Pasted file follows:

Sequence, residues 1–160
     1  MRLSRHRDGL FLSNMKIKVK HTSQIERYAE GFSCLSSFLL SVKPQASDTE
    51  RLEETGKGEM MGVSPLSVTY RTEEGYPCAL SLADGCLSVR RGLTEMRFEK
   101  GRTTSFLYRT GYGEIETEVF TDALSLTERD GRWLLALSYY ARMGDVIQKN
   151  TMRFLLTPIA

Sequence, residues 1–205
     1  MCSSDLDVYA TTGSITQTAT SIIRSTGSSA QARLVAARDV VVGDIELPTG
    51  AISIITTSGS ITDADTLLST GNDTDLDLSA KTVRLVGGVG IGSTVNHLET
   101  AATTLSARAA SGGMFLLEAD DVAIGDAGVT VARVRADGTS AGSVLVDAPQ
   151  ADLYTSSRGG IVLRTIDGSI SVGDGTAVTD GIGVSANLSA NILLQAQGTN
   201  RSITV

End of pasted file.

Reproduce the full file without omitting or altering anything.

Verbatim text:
Sequence, residues 1–160
     1  MRLSRHRDGL FLSNMKIKVK HTSQIERYAE GFSCLSSFLL SVKPQASDTE
    51  RLEETGKGEM MGVSPLSVTY RTEEGYPCAL SLADGCLSVR RGLTEMRFEK
   101  GRTTSFLYRT GYGEIETEVF TDALSLTERD GRWLLALSYY ARMGDVIQKN
   151  TMRFLLTPIA

Sequence, residues 1–205
     1  MCSSDLDVYA TTGSITQTAT SIIRSTGSSA QARLVAARDV VVGDIELPTG
    51  AISIITTSGS ITDADTLLST GNDTDLDLSA KTVRLVGGVG IGSTVNHLET
   101  AATTLSARAA SGGMFLLEAD DVAIGDAGVT VARVRADGTS AGSVLVDAPQ
   151  ADLYTSSRGG IVLRTIDGSI SVGDGTAVTD GIGVSANLSA NILLQAQGTN
   201  RSITV